Take Great Britain, which has improved its performance in recent decades. Twenty years ago, Team GB, as it's called, started an investment program with funds from the national lottery, and The Guardian points out that as the funds have grown, from $78 million in 2000 to around $367 million for Rio, so has the team rocketed up the medal table. It's a recipe that other countries are mining for lessons: Canada, for instance, has compared its usual stipend for elite athletes of $18,000 per annum to UK athletes' normal $47,000 (though that changes between sports), and wondered if there's a problem.
But it's not just lavish money that produces good results. Australia, despite a record of excellent Olympic performances, a good economy, and a cultural emphasis on sport, had a pretty dismal Olympics, and the press are asking why. The problem appears to be time. As the Sydney Morning Herald pointed out, the Aussies adopted the same funding model as the Brits, but only put it in place four years ago. It seems that you've got to have good funding consistently over decades to start producing medal winners.
2. Prioritizing Women In Sports
There's another interesting aspect of athletic funding that needs to be addressed: if you want to win medals, you have to fund female athletes too. It may seem faintly ridiculous when you look at the sterling efforts of people like Simone Biles and Katy Ledecky, but women's sports can attract less interest and less structural funding than men's. And if your country wants to utterly dominate the Olympic medal table, that is a very silly mistake. Women, as I've mentioned before, made up almost half of all the athletes present in Rio, and a huge swathe of the medals on offer were in women-only competitions. Neglecting that dooms you to failure.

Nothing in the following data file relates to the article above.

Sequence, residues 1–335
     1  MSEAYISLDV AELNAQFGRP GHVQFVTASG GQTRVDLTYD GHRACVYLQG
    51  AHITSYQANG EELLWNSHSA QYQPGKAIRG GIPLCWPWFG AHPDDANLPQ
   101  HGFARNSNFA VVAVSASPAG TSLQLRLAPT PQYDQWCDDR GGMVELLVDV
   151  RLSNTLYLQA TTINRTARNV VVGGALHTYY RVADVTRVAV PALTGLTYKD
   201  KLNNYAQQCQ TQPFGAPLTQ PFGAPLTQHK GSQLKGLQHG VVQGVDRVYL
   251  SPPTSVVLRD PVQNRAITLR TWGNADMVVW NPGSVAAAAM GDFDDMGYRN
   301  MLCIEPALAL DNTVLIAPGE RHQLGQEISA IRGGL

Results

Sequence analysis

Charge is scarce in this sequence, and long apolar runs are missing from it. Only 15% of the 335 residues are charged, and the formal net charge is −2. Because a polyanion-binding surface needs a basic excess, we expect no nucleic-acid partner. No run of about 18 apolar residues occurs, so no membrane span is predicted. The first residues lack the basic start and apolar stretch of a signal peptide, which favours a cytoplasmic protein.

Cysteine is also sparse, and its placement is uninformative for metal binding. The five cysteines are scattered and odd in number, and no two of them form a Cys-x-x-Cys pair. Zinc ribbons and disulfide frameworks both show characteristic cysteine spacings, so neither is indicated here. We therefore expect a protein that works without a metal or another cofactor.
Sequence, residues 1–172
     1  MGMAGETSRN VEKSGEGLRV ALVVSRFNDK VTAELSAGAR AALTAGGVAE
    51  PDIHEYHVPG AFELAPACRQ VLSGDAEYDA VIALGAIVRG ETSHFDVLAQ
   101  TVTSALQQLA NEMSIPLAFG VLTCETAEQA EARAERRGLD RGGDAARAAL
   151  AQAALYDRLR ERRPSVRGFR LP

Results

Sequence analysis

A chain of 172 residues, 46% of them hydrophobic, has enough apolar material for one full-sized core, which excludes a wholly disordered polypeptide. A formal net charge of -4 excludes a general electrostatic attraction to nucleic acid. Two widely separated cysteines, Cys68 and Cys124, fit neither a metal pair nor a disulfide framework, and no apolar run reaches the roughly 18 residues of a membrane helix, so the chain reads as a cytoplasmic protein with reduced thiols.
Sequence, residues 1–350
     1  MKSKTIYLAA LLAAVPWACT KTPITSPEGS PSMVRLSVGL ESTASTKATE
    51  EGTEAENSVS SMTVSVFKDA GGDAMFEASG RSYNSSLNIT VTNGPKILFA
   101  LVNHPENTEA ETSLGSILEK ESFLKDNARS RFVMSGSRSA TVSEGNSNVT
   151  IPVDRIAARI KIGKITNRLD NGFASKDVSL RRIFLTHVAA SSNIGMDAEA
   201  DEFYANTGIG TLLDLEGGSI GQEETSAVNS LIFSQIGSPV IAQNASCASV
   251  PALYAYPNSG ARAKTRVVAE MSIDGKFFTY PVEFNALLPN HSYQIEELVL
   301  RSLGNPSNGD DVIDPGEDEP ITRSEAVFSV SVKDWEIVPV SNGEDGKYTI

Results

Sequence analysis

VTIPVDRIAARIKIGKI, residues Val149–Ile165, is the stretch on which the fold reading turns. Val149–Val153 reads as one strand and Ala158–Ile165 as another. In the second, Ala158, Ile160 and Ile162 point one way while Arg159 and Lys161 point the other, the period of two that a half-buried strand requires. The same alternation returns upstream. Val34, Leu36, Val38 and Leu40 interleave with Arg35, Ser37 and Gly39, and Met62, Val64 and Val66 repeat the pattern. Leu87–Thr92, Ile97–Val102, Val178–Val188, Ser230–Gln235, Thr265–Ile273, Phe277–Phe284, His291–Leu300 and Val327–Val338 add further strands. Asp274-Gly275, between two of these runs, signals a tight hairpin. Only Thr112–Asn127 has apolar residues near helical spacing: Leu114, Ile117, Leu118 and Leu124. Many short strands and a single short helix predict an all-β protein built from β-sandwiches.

Female involvement isn't just about money, though. The Guardian hypothesized back in July, before America had even made its amazing medal haul, that there were two reasons underpinning the presence of American women as the favorites in many of the sports available: Title IX, and sports participation in general. Title IX, of course, is the federal sex discrimination law, but The Guardian points out that in sporting terms it vastly expanded the amount of female sports played on campuses across the nation, a typical starting-point for elite careers (we'll get to that in a minute). And even for people who weren't at college, it "normalized" the notion of women as sporting figures, and made it easier for funding bodies to justify giving them time, facilities, and excellent equipment.